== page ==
And my initial thought was, does this guy know how many people were slaughtered in the siege of Jerusalem? Does he really mean to imply that human violence is all part of God’s plan? Do the words Jesus speaks about nations rising against nation imply such destruction is part of God’s plan or, rather, does it point to the inevitability of human sin which leads to such violence?

And the natural disasters we face, are those part of God’s plan, or are they also, somehow, related to human sin? You have to go back to the beginning to find it but theologically, the natural world is messed up because we broke God’s garden. Paul wrote about this in Romans:

“Creation was subjected to frustration, not by its own choice—it was the choice of the one who subjected it [namely human beings]—but in the hope that the creation itself will be set free from slavery to decay and brought into the glorious freedom of God’s children. We know that the whole creation is groaning together and suffering labor pains up until now. And it’s not only the creation. We ourselves who have the Spirit as the first crop of the harvest also groan inside as we wait to be adopted and for our bodies to be set free. We were saved in hope. If we see what we hope for, that isn’t hope. Who hopes for what they already see? But if we hope for what we don’t see, we wait for it with patience” (Romans 8:20-25 CEB). We broke God’s garden, but God’s plan is to fix that, too.

Violence and human suffering are not part of God’s plan, but such things seems to be an inevitable part of our plans. We humans are always causing suffering in other human lives, even if it’s not physical suffering.

Suffering for our faith seems to be inevitable, too. We might not face religious tribunals in the synagogue, or get dragged before governors and other civil rulers because of Jesus’ name, but we do occasionally face difficult situations where our faith is tested to the breaking point and we are left staggered and stammering for a word to speak in reply. We do face individuals—even groups—who don’t want to hear the truth of God’s word.

When that happens, whether a defense of our faith is required of us or when our faith is crushed under the weight of people’s violent words or actions so that we can barely breathe, Jesus calls us to endure. When we endure, then Jesus can turn our suffering into an opportunity for us to rise up and confess our faith. In fact, Jesus promises to give us words and wisdom that none will be able to counter or contradict. Our example for that would be Stephen in Acts 7.

We’re used to testimonies that praise God for healing, or rescue from times of trouble, or blessings we’ve received, or confidence of our salvation we might have, or for good times and good things. But here, Jesus reminds us that our endurance in suffering can be a powerful testimony, too. Suffering, whether it’s something we experience ourselves or the empathy we feel for or with others, tends to silence us. It tends to make us feel powerless, and it can push us to despair.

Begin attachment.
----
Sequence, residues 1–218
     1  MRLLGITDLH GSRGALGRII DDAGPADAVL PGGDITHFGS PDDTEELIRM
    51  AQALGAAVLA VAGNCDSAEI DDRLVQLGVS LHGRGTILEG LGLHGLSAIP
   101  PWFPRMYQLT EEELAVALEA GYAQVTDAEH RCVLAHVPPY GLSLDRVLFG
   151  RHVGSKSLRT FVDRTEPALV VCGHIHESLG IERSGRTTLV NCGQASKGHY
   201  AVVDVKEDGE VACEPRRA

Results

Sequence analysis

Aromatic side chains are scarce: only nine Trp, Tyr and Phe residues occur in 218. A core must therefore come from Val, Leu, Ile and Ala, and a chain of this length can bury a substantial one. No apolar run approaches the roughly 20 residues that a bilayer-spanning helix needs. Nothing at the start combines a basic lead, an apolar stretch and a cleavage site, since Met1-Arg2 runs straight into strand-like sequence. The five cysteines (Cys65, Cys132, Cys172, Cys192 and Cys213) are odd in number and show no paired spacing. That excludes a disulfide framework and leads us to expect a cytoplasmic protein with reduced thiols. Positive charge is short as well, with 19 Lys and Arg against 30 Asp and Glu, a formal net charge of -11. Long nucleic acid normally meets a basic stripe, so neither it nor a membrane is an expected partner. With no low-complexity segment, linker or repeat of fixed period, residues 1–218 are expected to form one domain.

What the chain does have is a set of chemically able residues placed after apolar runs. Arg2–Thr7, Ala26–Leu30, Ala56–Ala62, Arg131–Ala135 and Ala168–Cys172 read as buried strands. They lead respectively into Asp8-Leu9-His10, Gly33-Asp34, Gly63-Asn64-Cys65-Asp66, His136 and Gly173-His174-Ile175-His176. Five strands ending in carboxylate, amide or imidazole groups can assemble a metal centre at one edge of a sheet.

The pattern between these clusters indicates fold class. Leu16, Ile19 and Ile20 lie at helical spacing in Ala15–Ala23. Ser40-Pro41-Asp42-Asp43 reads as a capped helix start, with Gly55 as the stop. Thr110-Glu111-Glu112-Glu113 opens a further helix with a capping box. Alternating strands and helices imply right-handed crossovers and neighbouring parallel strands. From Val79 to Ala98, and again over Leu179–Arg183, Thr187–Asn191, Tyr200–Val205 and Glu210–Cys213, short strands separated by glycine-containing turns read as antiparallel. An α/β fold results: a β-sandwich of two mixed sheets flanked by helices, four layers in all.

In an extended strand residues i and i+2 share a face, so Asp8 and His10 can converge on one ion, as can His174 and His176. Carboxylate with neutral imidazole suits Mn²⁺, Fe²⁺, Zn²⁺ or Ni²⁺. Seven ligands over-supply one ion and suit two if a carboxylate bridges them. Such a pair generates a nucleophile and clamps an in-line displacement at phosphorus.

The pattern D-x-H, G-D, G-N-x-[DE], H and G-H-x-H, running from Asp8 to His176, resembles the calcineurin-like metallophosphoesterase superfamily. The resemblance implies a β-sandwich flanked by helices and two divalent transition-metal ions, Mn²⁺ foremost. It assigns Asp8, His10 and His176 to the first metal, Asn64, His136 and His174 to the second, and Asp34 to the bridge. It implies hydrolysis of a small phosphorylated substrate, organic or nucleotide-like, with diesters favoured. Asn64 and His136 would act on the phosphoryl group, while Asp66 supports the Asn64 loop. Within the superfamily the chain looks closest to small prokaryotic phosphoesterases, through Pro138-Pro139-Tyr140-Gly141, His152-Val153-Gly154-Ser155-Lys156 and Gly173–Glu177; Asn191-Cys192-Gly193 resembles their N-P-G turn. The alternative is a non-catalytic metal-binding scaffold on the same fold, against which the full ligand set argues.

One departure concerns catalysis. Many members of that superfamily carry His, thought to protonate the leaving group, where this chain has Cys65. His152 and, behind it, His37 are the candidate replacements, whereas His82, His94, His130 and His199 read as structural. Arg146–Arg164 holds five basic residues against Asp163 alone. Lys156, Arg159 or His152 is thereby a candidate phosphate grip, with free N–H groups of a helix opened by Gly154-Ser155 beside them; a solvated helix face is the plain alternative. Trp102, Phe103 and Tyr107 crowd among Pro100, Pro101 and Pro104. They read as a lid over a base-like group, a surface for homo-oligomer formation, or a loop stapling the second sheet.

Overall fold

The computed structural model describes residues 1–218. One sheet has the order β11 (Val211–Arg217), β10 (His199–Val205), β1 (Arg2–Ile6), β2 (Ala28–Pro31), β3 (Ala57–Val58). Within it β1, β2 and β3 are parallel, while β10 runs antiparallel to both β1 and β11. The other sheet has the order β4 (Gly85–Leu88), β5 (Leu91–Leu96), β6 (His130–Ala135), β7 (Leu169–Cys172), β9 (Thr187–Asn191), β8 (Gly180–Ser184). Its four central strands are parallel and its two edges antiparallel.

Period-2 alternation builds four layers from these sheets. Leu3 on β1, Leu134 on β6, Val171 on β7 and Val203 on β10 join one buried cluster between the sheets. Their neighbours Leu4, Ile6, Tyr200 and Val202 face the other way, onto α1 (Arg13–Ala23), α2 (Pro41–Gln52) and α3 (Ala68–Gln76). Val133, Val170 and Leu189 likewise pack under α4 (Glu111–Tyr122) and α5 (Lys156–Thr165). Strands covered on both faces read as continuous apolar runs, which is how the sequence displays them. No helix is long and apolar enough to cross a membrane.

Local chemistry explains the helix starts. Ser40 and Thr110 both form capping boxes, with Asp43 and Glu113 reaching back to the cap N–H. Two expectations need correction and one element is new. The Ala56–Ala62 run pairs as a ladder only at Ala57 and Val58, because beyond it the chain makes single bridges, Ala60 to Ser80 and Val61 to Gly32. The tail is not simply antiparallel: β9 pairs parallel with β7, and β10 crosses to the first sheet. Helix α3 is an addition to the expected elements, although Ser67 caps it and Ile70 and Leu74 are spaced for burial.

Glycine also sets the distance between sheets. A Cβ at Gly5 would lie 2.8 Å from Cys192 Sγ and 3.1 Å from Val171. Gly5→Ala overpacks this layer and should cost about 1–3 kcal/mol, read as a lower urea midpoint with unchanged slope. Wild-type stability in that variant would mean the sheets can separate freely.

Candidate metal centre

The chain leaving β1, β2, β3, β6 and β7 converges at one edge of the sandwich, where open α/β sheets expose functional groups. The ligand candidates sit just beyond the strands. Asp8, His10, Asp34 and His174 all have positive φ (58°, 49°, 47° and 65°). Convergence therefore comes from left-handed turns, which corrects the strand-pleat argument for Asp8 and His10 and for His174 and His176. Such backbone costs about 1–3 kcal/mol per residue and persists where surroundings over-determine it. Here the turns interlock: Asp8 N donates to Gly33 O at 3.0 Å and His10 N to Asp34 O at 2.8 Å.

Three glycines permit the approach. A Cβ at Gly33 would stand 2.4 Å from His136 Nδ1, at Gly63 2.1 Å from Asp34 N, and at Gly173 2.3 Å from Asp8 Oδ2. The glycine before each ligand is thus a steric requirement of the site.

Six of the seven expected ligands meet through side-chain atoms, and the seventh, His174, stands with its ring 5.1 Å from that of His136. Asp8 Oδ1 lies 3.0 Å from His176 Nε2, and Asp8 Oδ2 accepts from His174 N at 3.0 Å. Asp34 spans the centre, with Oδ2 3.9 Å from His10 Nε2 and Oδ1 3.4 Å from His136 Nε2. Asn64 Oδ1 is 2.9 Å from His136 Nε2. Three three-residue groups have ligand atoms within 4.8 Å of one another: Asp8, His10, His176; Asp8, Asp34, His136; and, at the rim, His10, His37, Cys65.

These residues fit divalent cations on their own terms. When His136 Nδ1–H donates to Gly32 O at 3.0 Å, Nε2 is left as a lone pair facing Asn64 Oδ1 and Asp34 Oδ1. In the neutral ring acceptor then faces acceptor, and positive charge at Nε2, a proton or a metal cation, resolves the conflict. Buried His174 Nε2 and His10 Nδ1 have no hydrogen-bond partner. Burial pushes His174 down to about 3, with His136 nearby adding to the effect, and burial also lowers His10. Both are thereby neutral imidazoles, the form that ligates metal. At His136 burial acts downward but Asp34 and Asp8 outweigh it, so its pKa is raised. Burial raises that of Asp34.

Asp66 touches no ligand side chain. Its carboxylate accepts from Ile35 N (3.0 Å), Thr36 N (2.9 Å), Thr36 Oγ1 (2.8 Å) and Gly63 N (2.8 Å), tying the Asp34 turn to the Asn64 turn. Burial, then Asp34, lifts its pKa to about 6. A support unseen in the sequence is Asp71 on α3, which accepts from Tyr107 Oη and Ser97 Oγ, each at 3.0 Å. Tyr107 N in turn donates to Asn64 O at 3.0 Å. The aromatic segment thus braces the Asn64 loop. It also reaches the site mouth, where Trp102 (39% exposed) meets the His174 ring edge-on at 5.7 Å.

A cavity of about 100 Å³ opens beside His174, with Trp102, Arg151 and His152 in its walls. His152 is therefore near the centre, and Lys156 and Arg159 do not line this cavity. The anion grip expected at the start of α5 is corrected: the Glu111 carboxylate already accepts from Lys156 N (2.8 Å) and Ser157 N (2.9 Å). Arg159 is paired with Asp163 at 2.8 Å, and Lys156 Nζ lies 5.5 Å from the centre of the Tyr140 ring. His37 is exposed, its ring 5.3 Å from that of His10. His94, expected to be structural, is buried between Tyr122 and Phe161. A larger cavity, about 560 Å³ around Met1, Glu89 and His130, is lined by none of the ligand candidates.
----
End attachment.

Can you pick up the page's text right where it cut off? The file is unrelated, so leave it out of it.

The cross of Jesus Christ ought to remind us that suffering can become an example of faithfulness to those who endure. How many of you are wearing a cross right now? That cross is a symbol of suffering and abject defeat. But it’s also a symbol of endurance, faithfulness to living out God’s call, and trust that God will indeed save, not only us, but the whole world. That is good news worth sharing no matter the cost.

In the name of the Father, and of the Son, and of the Holy Spirit, Amen!

Rev. Christopher Millay

Blessed Are | All Saints’ Sunday

Luke 6:20-31

20 Jesus raised his eyes to his disciples and said:

“Happy are you who are poor, because God’s kingdom is yours.

21 Happy are you who hunger now, because you will be satisfied.

Happy are you who weep now, because you will laugh.

22 Happy are you when people hate you, reject you, insult you, and condemn your name as evil because of the Human One. 23 Rejoice when that happens! Leap for joy because you have a great reward in heaven. Their ancestors did the same things to the prophets.

24 But how terrible for you who are rich, because you have already received your comfort.

25 How terrible for you who have plenty now, because you will be hungry. How terrible for you who laugh now, because you will mourn and weep.

26 How terrible for you when all speak well of you.

Their ancestors did the same things to the false prophets.

27 “But I say to you who are willing to hear: Love your enemies. Do good to those who hate you.

28 Bless those who curse you. Pray for those who mistreat you. 29 If someone slaps you on the cheek, offer the other one as well. If someone takes your coat, don’t withhold your shirt either. 30 Give to everyone who asks and don’t demand your things back from those who take them. 31 Treat people in the same way that you want them to treat you. (CEB)

Blessed Are